Being trapped in a shifting maze of glass with the ghosts of serial killers is bad; if it had been as bad as it could have been or a better explanation of why it wasn’t could have been given, “Thirteen Ghosts” might have been great instead of just good.
Arthur (Tony Shalhoub) is a widower doing everything he can to hold his family together after losing everything in a fire. When little-known Uncle Cyrus (F. Murray Abraham) suddenly passes away, Arthur is left with the key to and possession of Cyrus’s life’s work: a one-of-a-kind, all-glass ‘clockwork’ house, completely furnished with the valuable antiquities Cyrus had collected over his lifetime. Once inside with his kids and housekeeper, Arthur discovers that there is more to the house than first meets the eye, not to mention that it may be haunted with the tortured souls of dead murderers that the late Uncle Cyrus may have put in there intentionally. And, of course, it deosn’t help knowing all of this since the doors have managed to lock themselves on the way in…
The first ten minutes of “13 Ghosts” could be considered a glimpse of what “Ghostbusters” would have been like if the ghosts really were dangerous and there wasn’t anything funny about it; remember, it’s only funny when no one gets hurt, let alone dies (see this year’s “Evolution” for an example of how it shouldn’t done.) What hurts the film is that the poltergeist being hunted down is out for blood and it knows how to get it, yet once it is trapped inside Cyrus’s home with the others, it no longer acts so malevolent. Other so-called ‘rules’ the film establishes seem conveniently overlooked as well when the occassion calls for it, such as when one character observes, “How do you lose your kids in a glass house?”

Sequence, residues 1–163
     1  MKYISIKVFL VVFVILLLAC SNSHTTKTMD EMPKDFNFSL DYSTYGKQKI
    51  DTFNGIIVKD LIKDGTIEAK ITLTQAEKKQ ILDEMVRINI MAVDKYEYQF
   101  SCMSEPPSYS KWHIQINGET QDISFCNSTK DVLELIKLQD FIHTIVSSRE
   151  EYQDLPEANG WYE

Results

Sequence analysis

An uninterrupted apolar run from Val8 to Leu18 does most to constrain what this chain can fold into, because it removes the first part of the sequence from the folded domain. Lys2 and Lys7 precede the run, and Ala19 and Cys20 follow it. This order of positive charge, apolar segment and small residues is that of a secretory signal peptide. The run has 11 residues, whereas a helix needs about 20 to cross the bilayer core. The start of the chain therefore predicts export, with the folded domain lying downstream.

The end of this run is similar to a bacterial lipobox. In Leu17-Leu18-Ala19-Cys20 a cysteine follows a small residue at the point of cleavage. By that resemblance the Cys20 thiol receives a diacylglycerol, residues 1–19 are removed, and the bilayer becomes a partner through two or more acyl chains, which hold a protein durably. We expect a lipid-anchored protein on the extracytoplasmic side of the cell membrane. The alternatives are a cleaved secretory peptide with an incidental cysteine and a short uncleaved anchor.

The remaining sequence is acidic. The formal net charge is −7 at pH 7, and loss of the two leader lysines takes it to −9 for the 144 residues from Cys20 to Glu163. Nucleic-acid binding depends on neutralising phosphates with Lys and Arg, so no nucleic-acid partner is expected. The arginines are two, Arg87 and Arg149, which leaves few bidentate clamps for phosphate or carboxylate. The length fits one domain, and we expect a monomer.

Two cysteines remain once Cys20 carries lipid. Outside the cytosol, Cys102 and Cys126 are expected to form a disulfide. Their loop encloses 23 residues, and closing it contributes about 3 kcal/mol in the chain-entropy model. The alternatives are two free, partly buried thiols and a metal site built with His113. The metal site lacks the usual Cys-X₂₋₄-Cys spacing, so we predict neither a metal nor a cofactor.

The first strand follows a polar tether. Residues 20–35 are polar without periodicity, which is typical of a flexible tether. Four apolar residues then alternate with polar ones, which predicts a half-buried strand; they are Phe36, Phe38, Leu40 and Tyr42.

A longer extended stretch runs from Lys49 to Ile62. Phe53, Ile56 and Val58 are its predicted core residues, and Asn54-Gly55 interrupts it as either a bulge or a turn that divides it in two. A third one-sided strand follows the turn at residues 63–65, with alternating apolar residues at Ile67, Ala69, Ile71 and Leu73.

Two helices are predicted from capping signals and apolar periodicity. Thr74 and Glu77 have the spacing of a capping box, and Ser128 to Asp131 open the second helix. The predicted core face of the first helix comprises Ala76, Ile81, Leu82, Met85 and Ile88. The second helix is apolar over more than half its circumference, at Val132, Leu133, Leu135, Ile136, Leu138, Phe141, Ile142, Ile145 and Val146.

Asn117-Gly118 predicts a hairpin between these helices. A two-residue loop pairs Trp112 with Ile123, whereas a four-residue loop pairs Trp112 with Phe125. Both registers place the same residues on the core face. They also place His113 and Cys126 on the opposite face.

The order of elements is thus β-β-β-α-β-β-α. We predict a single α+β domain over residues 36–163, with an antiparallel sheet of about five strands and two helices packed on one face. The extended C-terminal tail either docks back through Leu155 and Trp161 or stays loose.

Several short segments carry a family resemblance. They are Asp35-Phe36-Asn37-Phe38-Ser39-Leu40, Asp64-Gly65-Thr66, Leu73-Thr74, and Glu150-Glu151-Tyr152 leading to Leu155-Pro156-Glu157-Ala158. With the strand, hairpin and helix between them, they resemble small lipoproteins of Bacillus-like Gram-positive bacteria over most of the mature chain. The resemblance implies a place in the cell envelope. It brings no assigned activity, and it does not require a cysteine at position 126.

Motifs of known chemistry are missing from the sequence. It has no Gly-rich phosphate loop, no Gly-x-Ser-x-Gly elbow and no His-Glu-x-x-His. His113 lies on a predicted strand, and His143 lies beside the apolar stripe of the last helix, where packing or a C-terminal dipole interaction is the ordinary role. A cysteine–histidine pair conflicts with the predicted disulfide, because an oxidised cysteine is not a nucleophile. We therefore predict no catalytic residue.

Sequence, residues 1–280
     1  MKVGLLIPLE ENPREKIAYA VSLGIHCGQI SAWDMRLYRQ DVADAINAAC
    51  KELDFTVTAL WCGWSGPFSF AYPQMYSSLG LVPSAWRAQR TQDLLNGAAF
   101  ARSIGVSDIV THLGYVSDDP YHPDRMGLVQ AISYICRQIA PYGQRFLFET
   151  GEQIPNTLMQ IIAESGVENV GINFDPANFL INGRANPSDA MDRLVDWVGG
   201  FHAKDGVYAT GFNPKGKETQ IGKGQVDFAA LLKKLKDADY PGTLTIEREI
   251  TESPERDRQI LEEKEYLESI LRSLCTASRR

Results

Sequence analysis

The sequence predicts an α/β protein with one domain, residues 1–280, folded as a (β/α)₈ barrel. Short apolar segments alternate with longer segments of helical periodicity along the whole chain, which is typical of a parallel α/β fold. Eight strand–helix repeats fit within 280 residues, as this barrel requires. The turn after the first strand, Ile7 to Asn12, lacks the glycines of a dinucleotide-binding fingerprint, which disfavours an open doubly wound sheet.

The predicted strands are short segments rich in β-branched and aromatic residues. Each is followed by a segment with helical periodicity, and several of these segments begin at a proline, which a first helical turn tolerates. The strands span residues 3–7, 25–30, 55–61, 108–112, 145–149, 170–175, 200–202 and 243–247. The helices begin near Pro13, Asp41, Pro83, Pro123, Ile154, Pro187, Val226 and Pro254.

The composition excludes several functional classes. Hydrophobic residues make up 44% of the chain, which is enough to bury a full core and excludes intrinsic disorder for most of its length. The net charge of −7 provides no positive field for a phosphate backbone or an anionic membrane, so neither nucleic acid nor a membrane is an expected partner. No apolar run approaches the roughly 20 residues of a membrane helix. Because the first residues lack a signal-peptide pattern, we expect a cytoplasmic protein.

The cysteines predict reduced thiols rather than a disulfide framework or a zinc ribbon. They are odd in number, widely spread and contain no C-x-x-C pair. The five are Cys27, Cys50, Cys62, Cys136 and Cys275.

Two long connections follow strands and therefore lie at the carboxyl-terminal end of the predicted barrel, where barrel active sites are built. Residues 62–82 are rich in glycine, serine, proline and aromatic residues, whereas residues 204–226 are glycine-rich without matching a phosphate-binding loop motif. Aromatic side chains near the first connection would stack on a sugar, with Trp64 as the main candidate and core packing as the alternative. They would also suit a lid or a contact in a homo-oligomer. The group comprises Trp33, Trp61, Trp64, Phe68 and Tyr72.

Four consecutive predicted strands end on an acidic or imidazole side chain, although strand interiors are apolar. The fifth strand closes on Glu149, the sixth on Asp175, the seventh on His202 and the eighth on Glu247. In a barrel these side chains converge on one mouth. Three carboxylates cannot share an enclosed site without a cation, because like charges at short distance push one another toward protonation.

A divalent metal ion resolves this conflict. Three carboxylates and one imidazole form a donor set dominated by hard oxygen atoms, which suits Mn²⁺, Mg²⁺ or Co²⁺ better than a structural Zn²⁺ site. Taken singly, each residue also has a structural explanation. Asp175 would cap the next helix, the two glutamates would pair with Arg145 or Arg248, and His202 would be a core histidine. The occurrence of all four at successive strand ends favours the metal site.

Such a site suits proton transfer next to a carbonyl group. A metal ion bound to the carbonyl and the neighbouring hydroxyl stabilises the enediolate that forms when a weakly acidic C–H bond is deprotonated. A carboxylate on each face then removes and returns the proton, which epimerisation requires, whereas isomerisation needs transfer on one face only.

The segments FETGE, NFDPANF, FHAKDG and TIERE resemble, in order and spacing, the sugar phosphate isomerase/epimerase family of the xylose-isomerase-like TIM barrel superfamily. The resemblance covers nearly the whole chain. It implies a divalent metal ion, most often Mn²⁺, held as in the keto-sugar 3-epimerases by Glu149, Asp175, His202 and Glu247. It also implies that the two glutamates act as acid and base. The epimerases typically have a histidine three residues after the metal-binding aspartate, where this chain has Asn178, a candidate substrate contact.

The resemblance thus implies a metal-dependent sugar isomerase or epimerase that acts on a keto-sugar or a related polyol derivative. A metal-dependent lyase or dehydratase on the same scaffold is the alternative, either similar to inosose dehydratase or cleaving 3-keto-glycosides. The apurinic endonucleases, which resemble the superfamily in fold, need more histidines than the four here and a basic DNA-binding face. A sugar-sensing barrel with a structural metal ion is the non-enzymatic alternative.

These contradictions constantly undermine a genuinely creepy and inventively beautiful production design, which isn’t surprising since the director has more visual effects credits than directorial ones but had no hand in the screenplay. The script itself runs into a few corners that are left blank on the screen, including a twenty-second ‘intermission’ where the audience is treated to sound effects and empty rooms while the script finds a new starting point. In fact, this happens twice, although it’s covered a lot better the second time around. Even the ending borrows from the old ‘leap of faith’ stand-by and ‘love conquers all’ ploy to help resolve everything, which are both undermined by the fact that the ‘victims’ have little or nothing to do except run and scream a lot.
Now, this isn’t to say that fans of the horror genre won’t be entertained. People die in this film… a lot, and with buckets of blood strewn everywhere. When one of these ghosts cut loose, it doesn’t let up. The house itself is something to see, a combination of complex interior sets and computer-generated imagery that blends very well together, creating a maze of glass and gears that’s both inviting to the eye and terrifying since you never know which door will open and you can see exactly what’s behind it trying to get you. While avoided as a gimmick (like red and blue 3-D specs you have to put on when entering the theater), the ‘ghost glasses’ that the characters wear to see what’s stalking them are used effectively; sometimes, knowing and seeing what’s killing you is only scarier.
Tony Shalhoub does enough as a concerned father and widower, but his character is given too little information and even less to do; all we know as the audience is there’s little he won’t do or risk for his family. Matthew Lillard excells as a psychometrist that can painfully feel malevolent spirits close by and learn a man’s secrets with a touch. Shannon Elizabeth has even less to do in this film than she did in “American Pie 2,” and Embeth Davidtz takes up just a little more screen time with her too-small part. At least F. Murray Abraham is briefly there to revell in being bad (even if we have seen him play the baddie times before) and something must be said for all the ‘ghosts’ in their full head-to-toe prosthetics to transform them into horrific creatures.
Great visuals and sound make “13 Ghosts” the kind of film horror fans (and people wanting to be scared) look for at Halloween, but the story and characterizations suffer from the same kind of inconsistances that kept the remake of “House of on Haunted Hill” from being a great film as well. Too bad, too… this concept would make a great original series on a pay cable channel, but if you want sound, visuals, character, AND story, try “From Hell” instead and see what “13 Ghosts” is missing.
(a weak but horrific 3 out of 4 skulls)